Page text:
The city is a collective experience. It is a complex system “consisting of a vast multitude of individuals, institutions, processes and physical entities, all of which give rise to the buildings, cultures, laws and services that we think of as the urban. Though each one of these may be owned or controlled in a specific way, the holistic entity we call a city (in many cases a towering achievement of human culture) grows in an uncontrollable way from the synthesis of these many parts, with no singular ownership, and is therefore something we have “in common” rather than co-own”.
As the boundaries between the responsibility of the state to provide public space and public goods (such as transportation, education, water, power, etc.) and the degree to which private entities provide such goods blur, the idea of the ‘common’ or the ‘collective’ may offer a third alternative to ‘public’ -which doesn’t always mean accessible to all and ‘private’ -which doesn’t mean closed off to all. The idea of land or services that are commonly owned and managed speaks to a 21st-century sensibility of participative citizenship and peer-to-peer production. In theory, at least, the commons is full of radical potential.
In this studio, we want to investigate the differences between public, private and collective urban spaces and develop design approaches for a new urban commons. Technology has given rise to new forms of economies, of sharing and of providing access to goods and services in the city. Companies like AirBnB, Uber, Lyft or WeWork are challenging traditional means to live, move or work in the city.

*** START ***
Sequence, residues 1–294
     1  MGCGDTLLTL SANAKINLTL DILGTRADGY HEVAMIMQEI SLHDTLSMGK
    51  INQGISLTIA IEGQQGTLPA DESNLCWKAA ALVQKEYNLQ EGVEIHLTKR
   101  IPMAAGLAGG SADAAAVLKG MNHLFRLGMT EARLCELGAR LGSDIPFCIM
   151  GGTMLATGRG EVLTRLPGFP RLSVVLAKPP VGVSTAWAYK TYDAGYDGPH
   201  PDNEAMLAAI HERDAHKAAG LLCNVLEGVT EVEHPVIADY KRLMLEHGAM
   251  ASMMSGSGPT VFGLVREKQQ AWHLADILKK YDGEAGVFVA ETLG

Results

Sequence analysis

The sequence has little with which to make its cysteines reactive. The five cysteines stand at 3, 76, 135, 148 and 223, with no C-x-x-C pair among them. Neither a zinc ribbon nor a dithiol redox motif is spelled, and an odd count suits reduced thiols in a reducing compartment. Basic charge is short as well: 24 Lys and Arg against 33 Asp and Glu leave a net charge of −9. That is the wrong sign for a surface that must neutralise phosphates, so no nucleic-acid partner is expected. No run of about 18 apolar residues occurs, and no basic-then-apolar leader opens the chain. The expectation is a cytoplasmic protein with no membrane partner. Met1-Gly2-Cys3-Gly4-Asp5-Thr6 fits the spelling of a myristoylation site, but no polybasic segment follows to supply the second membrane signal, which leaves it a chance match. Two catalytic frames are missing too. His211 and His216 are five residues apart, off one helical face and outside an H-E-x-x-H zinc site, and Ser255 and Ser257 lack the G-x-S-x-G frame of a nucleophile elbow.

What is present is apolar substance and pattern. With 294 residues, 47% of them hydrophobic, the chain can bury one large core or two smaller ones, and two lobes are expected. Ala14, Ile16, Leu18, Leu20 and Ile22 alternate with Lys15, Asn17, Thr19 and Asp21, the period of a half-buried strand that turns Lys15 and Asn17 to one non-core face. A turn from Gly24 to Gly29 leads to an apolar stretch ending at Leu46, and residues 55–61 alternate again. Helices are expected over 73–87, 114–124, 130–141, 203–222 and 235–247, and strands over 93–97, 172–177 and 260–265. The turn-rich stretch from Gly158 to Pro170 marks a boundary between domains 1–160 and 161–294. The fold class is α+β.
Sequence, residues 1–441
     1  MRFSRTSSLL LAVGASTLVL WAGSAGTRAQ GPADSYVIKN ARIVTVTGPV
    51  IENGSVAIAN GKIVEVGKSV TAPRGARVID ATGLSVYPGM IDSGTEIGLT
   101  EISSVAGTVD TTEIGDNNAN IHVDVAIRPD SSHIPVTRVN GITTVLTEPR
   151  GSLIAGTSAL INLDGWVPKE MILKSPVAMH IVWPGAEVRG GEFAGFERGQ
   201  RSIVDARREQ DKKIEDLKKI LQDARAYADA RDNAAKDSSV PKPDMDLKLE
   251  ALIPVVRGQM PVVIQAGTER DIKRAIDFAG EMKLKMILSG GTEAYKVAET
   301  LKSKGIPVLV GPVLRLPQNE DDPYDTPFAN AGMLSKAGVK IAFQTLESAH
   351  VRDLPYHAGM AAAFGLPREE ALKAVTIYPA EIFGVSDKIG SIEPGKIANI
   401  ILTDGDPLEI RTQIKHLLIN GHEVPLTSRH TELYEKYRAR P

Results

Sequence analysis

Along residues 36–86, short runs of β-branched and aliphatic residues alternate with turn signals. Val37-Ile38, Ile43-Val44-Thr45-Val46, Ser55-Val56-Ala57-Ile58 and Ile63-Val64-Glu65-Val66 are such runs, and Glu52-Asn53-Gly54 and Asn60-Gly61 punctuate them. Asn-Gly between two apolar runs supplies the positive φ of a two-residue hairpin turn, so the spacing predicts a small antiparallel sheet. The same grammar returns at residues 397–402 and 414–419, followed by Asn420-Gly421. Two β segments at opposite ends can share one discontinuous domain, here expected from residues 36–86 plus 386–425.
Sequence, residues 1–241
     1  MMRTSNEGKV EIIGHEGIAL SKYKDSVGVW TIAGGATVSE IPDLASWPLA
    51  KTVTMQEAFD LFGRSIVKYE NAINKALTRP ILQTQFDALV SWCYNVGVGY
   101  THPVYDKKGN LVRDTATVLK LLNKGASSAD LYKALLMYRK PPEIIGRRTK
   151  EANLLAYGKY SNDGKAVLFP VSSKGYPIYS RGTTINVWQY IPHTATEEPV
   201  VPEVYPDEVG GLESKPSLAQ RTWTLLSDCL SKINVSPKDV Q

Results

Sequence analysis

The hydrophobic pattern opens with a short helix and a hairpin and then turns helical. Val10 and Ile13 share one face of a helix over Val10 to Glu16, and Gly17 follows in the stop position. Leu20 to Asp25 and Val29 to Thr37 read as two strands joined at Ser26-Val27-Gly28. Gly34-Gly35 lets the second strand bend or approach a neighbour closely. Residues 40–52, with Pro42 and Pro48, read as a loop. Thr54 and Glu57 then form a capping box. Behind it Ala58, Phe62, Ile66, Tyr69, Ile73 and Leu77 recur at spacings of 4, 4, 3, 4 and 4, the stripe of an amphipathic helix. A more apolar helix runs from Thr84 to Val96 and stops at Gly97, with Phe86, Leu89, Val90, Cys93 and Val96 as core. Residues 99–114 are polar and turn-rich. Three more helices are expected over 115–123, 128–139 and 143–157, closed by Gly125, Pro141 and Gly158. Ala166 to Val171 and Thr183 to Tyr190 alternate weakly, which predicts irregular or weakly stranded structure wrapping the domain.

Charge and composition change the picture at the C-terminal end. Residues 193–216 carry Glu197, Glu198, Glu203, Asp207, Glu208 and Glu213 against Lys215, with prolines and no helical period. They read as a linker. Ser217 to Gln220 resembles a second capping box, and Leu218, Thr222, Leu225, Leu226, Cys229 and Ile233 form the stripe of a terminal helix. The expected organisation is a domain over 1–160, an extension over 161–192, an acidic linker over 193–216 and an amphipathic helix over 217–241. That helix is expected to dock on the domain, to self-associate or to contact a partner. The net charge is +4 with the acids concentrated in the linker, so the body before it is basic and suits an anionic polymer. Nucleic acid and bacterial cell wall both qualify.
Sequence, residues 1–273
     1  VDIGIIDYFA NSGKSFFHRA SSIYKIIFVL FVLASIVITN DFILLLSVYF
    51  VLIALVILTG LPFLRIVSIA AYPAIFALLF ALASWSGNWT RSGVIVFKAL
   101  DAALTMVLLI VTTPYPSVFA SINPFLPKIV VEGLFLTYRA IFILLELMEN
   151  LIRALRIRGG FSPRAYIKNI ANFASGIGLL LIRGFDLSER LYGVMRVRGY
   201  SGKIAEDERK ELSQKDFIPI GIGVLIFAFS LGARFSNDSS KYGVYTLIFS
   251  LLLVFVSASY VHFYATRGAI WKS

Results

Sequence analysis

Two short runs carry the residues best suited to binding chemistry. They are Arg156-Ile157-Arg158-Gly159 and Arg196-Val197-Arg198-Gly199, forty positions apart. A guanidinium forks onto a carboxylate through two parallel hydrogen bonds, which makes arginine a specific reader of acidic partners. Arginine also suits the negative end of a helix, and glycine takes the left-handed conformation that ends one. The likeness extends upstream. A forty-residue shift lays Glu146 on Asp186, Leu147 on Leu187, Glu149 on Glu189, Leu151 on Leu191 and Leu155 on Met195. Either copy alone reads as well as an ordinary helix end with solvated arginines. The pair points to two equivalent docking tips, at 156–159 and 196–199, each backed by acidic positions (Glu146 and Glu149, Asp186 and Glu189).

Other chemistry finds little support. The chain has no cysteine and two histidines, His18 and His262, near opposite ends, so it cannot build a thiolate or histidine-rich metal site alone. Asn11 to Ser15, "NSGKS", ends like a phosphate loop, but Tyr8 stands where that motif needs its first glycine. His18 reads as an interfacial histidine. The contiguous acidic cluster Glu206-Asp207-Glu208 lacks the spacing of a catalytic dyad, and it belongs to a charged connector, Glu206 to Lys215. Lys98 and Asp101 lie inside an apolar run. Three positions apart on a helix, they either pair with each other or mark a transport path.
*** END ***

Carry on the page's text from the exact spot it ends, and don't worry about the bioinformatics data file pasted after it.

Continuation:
What kinds of new urban spaces are created by this rise of membership-based collectives?
Other forms of ‘commoning’ such as the cooperative housing movement have a longstanding history in New York City dating back to the late 19th century, but are struggling to create contemporary versions in a housing market that is dominated by private interests.
What would new cooperative spaces look like? How can they compete in the current real estate market?
How can well-known examples for urban commons such as community gardens be scaled up to address larger infrastructure issues in the city such as transportation, energy or food production, resiliency, water or housing? Can we create greater efficiency, density and affordability through models of shared ownership and responsibility?
Air and water may be two of the most obvious common resources, we all share and rely on. They are also among the most vulnerable to the tragedy of the commons.
What kind of urban infrastructure can protect our common resources?
How do we ensure equitable access to these resources?
 John Bingham-Hall (2015): FUTURE OF CITIES: COMMONING AND COLLECTIVE APPROACHES TO URBAN SPACE, Theatrum Mundi, LSE Cities, London School of Economics and Political Science
 While used earlier, the phrase “tragedy of the commons” is attributed to the 1968 essay by Garrett Hardin in Science Magazine, describing how shared or common ownership poses a threat on environmental resource if not appropriately regulated.